Whether you want to indulge in a creamier cuppa or you want to make that perfect cafe breve for your customers, frothing half and half is no new fad.
- 1 Why Couldn’t You Froth Half and Half?
- 2 What Appliances Do You Need to Froth Half and Half?
- 3 What Coffee Drink Uses Frothed Half and Half?
- 4 Do You Need to Steam Half and Half for Frothing?
- 5 Clearing a Common Misconception
- 6 How Do You Froth Half and Half?
- 7 Additional Tips: The Milk Jug
- 8 Final Thoughts
In fact, every coffee drink with the word breve in its name is made with frothed half and half. If the whole or skim milk is replaced with half and half for foaming and steaming your latte or cappuccino turns into a Breve. The taste is richer and the foam is creamier compared to a traditional latte cappuccino and you create a beverage that’s a little more luxurious.
So how can you froth half and half? Read on for much more than just a recipe.
Why Couldn’t You Froth Half and Half?
If you’ve tried and failed to froth half and half, here are some of the possible culprits.
You Didn’t Use Cold Half and Half
Ideally, you should use half and half that’s as cold as possible. Cold milk gives you much better froth results than warm or room-temperature milk. This is because milk proteins are at their most stable state in cold milk.
The frothing agent is the proteins, not the fats or the sugars. The more stable milk proteins are, the more effective they are at trapping air in milk bubbles. The more air, the frothier the foam.
Cold milk also gives you more time to froth before it gets to 160°.
The Steam Wand Was Too Low or Too High
You need to place the steam wand partly submerged in your half and half. You don’t fully submerge until you’ve been steaming for five full seconds.
You Went Above 160?
It’s essential not to let your half and half get hotter than 160°. In fact, it’s ideal to stop the steam wand before your milk is that hot because it’ll inevitably continue to cook on its own until it cools down.
If you went above 160°, odds are you ended up scalding your half and half.
What Appliances Do You Need to Froth Half and Half?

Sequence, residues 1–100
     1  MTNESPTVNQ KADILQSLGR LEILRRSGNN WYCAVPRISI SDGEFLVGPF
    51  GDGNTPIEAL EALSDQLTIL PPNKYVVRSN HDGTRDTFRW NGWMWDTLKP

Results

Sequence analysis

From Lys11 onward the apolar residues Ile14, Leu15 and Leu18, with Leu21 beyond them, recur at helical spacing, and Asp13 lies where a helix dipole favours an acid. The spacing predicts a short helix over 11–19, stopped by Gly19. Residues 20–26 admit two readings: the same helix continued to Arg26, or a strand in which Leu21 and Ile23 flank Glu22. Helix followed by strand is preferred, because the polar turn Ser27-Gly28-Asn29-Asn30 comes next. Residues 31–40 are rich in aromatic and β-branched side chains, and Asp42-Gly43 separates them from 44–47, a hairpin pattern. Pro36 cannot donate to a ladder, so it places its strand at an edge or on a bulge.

To froth half and half using the traditional steaming method, you need a thermometer and a steam wand.
An espresso machine with a steam wand will give you the best professional-looking results. If you don’t have one, however, you can use a handheld milk frother or steam wand.
To froth your half and half without steaming it, you can use any of the following methods:
- A milk frother that works with the heat turned off
- A whisk
- An electric mixer
- A French press
- A jar
- A microwave
- A blender
What Coffee Drink Uses Frothed Half and Half?
The cafe breve is the signature coffee drink that uses frothed half and half. Depending on the place, it can also be called a caffé breve, a breve latte, or a breve coffee.
The famous cappuccino can also be made with frothed half and half. This gives you a cappuccino breve that’s richer and much creamier.
In short, if you see the word breve in any coffee drink, it means that drink is prepared with half and half.
Do You Need to Steam Half and Half for Frothing?
While steaming is the traditional method to froth half and half, it’s not necessarily the only way to do it. You can still get a lot of froth using an electric milk frother. They usually come with an option to froth without steaming.
Clearing a Common Misconception
Before we move on to the method, let’s clear up one thing: Half and half make for some great frothing.
If this sounds strange to you, then you’ve also fallen prey to the mistaken notion that half and half is almost impossible to froth.
This mistaken notion is widespread because of a simple incomplete piece of information: Generally, the lower the fat content, the more foam but less flavor you’ll get. With higher fat, you’ll get less foam, but it’ll be much richer and with noticeably more body.
However, there’s a twist: This is only true as you go up the list until whole milk. Then the rule of thumb no longer holds water.
Here’s a quick look at the types of milk, based on fat content:
- Nonfat or skim milk, 0-0.5%
- Low-fat or 1% milk, 1%
- Reduced-fat milk, 2%
- Whole milk, 4%
- Half and half, 12.5%
The first three groups in the list above, nonfat, skim, 1%, and 2% milk, all give great froth. Then you have 4% milk, which is regular whole milk.
Unless you’re a trained and experienced barista, 4% whole milk is extremely difficult to froth and yields poor results.
Many people think that since 4% milk is so hard to froth, then anything higher than 4% will only keep getting worse. This is what gives half and half that unfair bad reputation.
The truth is that when you go higher than 5%, you start getting great frothing results again. So all you need to do is simply avoid whole milk if you want stellar frothing results.